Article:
A True Labor of Love

Hestia HouseMoore Coffee & Tea was started by Gayla Moore in 1990. She began her adventure and great passion with coffee as a novice, gaining her knowledge from a prominent roaster in the business. As she learned more about coffee and began roasting herself, her skill, knowledge, and experience grew. In our efforts to give back to the coffee community we’re proud to be a Certified Organic coffee roasting company. We are certified organic by the CCOF: California Certified Organic Farmers. We buy organic and roast in accordance with the USDA and CCOF regulations. We take great care to roast each bean to its full potential through sight, sound and smell.

Her business is founded on her strong principles and beliefs about coffee and is guided and nurtured by her passions. Very few people get to do the things that they love, but Gayla has achieved this. Constantly growing and learning, her passion for coffee has led her to exotic places in the search for quality coffees. As a natural extension, she now carries quality teas, using her same guidelines for taste and quality.

Gayla’s business is her primary passion and interest and she had takes a very “hands-on” approach to its operation: cupping and selecting beans and teas;  meeting with her wholesale clients.  In 2001 she moved the business to Ventura, Caifornia.  As her business has grown she has found valued assistance in her efforts for quality, consistency, and freshness to deliver a product she believes in. And her passion for coffee means that it is always a labor of love.

The Moore Coffee & Tea Roasting “Team”

Hestia HouseHelga, as “she” is affectionately known is the most important piece of equipment at Moore Coffee & Tea. Helga is a Probat L12 roaster. She is capable of roasting up to 25 pounds of coffee per batch and can do up to four batches an hour. Because of the small batch size and the high quality construction, Probats offer an extremely consistent roast. They are also extremely durable, requiring very little maintenance.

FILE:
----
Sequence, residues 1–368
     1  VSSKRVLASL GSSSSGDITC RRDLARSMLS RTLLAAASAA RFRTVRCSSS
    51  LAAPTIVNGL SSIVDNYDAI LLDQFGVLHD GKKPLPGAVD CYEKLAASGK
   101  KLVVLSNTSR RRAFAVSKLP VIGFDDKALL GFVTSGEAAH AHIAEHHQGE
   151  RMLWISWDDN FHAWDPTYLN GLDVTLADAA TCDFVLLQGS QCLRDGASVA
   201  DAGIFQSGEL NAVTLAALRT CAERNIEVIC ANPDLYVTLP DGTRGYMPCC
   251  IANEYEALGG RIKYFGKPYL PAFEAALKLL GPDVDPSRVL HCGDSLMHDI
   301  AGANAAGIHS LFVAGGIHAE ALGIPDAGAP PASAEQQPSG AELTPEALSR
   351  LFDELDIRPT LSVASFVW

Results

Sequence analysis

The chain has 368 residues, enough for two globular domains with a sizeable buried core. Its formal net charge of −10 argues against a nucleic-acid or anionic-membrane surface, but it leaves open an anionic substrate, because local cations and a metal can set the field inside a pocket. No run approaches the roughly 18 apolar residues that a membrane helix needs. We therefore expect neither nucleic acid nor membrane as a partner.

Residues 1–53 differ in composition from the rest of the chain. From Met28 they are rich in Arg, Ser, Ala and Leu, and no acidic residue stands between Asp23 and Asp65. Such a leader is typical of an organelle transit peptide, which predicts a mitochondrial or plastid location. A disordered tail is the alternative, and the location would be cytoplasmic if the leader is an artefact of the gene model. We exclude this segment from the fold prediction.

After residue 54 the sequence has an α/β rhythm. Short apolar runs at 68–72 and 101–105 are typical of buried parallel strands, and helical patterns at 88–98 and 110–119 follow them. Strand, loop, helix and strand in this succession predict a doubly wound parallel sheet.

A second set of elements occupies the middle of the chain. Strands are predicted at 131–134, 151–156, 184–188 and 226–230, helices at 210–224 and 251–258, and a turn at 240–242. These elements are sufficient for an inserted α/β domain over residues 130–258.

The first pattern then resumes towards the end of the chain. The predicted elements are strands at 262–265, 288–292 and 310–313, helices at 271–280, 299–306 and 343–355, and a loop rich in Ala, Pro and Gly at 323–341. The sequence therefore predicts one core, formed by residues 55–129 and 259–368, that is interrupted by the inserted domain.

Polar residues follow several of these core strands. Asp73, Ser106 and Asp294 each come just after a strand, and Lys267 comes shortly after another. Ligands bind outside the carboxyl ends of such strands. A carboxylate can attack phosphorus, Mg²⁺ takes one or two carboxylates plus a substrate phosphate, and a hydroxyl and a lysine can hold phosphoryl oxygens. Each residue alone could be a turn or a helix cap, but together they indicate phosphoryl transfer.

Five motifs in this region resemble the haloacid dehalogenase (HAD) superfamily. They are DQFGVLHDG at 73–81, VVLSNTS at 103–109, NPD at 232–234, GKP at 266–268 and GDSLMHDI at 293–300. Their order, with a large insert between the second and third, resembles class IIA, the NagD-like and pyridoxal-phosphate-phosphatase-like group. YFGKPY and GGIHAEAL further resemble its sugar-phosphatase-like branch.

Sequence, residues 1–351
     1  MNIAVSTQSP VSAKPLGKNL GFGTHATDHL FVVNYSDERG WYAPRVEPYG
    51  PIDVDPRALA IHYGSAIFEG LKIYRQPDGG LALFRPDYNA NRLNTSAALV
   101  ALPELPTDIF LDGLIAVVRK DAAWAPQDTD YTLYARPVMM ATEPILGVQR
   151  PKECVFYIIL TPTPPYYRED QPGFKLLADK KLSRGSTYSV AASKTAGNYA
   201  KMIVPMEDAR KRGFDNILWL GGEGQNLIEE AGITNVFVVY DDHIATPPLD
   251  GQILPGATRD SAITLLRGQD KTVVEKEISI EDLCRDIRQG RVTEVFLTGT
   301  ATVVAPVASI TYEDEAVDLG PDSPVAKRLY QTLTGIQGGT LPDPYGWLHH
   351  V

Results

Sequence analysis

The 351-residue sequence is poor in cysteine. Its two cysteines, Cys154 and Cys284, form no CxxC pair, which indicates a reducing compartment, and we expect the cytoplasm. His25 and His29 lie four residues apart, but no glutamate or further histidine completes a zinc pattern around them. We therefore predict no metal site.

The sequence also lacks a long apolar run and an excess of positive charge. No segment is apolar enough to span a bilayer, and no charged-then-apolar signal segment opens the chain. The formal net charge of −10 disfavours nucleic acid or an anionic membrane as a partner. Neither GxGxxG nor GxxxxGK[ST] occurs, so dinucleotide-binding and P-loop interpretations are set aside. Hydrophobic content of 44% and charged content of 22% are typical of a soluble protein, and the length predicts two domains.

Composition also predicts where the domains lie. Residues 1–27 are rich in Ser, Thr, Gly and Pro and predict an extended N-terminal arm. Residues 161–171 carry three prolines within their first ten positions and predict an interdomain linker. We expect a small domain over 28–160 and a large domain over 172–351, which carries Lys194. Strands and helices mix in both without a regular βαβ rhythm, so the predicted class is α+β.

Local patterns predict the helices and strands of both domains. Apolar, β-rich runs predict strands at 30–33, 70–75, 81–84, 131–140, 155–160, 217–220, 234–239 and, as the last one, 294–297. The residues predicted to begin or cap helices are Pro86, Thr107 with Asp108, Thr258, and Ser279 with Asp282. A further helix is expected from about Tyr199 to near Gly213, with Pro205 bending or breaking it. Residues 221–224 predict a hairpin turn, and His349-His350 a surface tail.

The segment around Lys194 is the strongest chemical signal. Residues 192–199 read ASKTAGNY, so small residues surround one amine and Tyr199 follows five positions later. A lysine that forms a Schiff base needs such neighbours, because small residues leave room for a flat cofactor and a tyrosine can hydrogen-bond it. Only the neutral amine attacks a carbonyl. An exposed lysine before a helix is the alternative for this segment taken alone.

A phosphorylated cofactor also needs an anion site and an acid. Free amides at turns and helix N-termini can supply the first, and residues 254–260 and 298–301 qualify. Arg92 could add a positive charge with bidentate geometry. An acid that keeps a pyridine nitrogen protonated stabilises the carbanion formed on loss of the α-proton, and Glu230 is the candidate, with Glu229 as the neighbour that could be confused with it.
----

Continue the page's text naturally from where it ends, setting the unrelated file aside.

“Maintenance on the machine is very easy. I know practically every part of the machine and my relationship with it is very reciprocal. We take care of the machine and it takes care of us”

But it is the actual roasting that displays the ability of both the machine and the human. Roasting is an art form requiring in equal parts skill, talent, perception, and a keen sense of timing. The roaster must know exactly when to drop the beans: a second too early and they are under-roasted; a second too late and they are over-roasted.

“Those moments before the final drop are very Zen-like. All of your attention is focused on that moment and what is happening right then. There is no before, there is no after. There is just the quiet listening to the beans, perceiving their subtle aromas, and waiting for them to be ready.”

And anyone who has ever tasted her coffee can tell you that Gayla and her team both listen and smell very well.

Hestia: Goddess of Home & Hearth

HestiaGayla owned and operated a coffeehouse on State Street in Santa Barbara from 1990 until 1995, when she was forced to close its doors due to a family illness. The coffeehouse was named “Hestia House” and is still missed by its former patrons.

Hestia was the Greek goddess of the home and hearth. Her Roman counterpart was Vesta. Hestia was the daughter of Cronos and Rhea and was one of the original twelve gods of Olympus. She was the symbol of the home and every newborn child had to be carried before her altar at the hearth before it could be received into the home. Every meal would begin and end with a prayer to her. Even the cities themselves had public hearths that were shrines to Hestia. When a new city was founded, coals from the original city were carried to the new one to light its hearth. Hestia rules from late December to early January: the home is where all things end and where they begin.

It was especially fitting that the coffeehouse be named after the goddess; on the back wall was an enormous fireplace, often the center of conversation and live music. Gayla always strived to have her coffeehouse be a “home” for her patrons. It was even more appropriate given that her business was centered around the “hearth” that was the backbone of her business: the roaster!


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